Of course, at this stage in blogging history, most bloggers recognise these messages as detrimental to their sites as, once again, they will have the enhancing, Rx and lewd keyword links built in. But, it’s the unusual style in which some are written that intrigues me. I don’t think it says anything much about the psychology of spammers, especially those that are nothing but spewing bots, nor about anything deep taking place in English lessons. They are intriguing in how sophisticated might be the phrasing let down by a slip of syntax or grammatical integrity.

For instance, a recent commenter was able to construct the following quite complex sentence: “Your website is beautifully decorated and easily navigated.” and yet they blew it with their second line: “I have enjoyed visiting the site today and visit again,” which unfortunately doesn’t parse. Similarly, “Some nice article here. thanks for it.” Not only starts a “sentence” with a lower case “t” but there is a serious mismatch between the quantities discussed.

Admittedly, some of the less exact grammar comes from spam originating in parts of the world where the native tongue may not be English. Personally, I would be useless at spamming in Portuguese, Mandarin, Hindi, or any of a few dozen other languages. I could probably scrape through with a spam in French, German, Italian, or Spanish, although I’d have to have an international lewd word dictionary to hand to do so.

In the following comment spam, there is almost subtle use of the word “seldom”, but it lies in stark contrast to the quality of grammar in the rest of the phrase: “This is really fresh idea of the design of the site! I seldom met such in Internet. Good Work dude!”

An easy target is this comment, which appears repeatedly: “I’d prefer reading in my native language, because my knowledge of your languange is no so well. But it was interesting! Look for some my links”. Yes, if that one had escaped Akismet and I’d approved it I can just imagine readers dashing off to look for those links, which, you guessed it, pointed to some great insurance deals on organ enhancement drugs.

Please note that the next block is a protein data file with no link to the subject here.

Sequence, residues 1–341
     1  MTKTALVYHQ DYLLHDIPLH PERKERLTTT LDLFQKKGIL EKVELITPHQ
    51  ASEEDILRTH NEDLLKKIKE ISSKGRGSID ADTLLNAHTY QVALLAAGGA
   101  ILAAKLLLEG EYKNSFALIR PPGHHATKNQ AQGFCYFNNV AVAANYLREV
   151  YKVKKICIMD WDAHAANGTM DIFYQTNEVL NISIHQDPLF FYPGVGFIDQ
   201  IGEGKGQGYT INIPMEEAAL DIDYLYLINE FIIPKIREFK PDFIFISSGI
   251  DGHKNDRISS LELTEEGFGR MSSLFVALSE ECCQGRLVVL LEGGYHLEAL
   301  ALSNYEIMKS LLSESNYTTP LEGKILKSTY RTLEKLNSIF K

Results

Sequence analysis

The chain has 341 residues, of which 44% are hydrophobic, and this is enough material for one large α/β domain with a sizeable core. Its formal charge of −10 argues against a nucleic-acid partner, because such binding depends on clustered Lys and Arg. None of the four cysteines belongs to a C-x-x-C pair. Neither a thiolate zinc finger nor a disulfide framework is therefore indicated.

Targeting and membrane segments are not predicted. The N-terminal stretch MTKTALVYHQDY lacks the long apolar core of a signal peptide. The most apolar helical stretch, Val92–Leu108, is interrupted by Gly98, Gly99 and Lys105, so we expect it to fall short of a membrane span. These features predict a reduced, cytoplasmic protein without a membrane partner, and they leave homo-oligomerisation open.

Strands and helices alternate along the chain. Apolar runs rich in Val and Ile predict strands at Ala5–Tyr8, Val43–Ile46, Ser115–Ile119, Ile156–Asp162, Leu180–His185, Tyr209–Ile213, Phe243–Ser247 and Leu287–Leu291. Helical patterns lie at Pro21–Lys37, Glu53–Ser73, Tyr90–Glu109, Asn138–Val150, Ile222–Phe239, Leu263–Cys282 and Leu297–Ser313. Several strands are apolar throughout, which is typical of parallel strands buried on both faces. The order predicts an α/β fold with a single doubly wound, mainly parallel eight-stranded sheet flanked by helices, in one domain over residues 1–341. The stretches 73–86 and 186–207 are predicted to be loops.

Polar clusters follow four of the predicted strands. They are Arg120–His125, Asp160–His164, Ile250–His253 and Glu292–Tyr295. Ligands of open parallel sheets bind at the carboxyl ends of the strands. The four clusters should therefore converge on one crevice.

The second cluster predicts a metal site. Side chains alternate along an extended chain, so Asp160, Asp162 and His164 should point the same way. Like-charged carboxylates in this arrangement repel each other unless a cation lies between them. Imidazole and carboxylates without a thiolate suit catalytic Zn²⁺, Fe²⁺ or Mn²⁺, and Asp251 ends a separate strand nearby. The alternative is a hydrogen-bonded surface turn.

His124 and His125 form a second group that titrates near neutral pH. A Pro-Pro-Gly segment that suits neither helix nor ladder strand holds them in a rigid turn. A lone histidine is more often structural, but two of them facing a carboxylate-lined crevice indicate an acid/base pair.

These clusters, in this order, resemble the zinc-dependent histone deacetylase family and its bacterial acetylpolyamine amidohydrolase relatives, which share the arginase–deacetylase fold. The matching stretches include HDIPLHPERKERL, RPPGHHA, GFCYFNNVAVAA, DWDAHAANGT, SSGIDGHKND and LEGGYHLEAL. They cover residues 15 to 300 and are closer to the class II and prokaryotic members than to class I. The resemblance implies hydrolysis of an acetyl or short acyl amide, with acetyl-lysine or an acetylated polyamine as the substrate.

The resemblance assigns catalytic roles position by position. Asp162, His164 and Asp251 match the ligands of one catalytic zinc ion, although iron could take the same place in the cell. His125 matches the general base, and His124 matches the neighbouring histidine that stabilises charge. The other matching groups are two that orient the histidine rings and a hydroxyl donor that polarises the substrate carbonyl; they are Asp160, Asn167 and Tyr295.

18 Handpicked Online Periodic Tables

Periodic table tattoo

Where online do you turn, when you are looking for a periodic table?

The domain name PeriodicTable.com – reveals a superb online periodic table with an obvious website name and the option to buy a poster printout.

For more on what Periodic Tables mean and their underlying formulations check out Periodic Table Formulations by Mark Leach

Berkeley nuclear chemist Mitch Garcia who runs ChemicalForums.com, would, as would many other chemists turn straight to Mark Winter’s Web Elements this seminal online PT has become the guide to elemental discoveries and has been in existence almost beyond living memory (in net-years). However, he also points out that there is more nuclearcentric PT on the Lawrence Berkeley Lab site that provides all the decay properties for all the isotopes.

An interactive PT aimed squarely at NMR spectroscopists is offered here and with a click tells you how many isotopes for each element and whether or not it is NMR active. A click of the arrow then spells out the spin, abundance, quadrupolar moment, and typical relaxation time information.

If you are after pretty PT, then the slightly overblown version from the Royal Society of Chemistry is nice enough at Visual Elements.

A single site offering a conventional PT in six different languages (English, Dutch, French, German, Italian, Spanish) can be found at LennTech.com.

The American Chemical Society has an interactive PT, although I’m not entirely sure what makes it any more interactive than any of the others. It too is available in different languages, however, including Chinese, English, French, German, Japanese, Russian, and Spanish.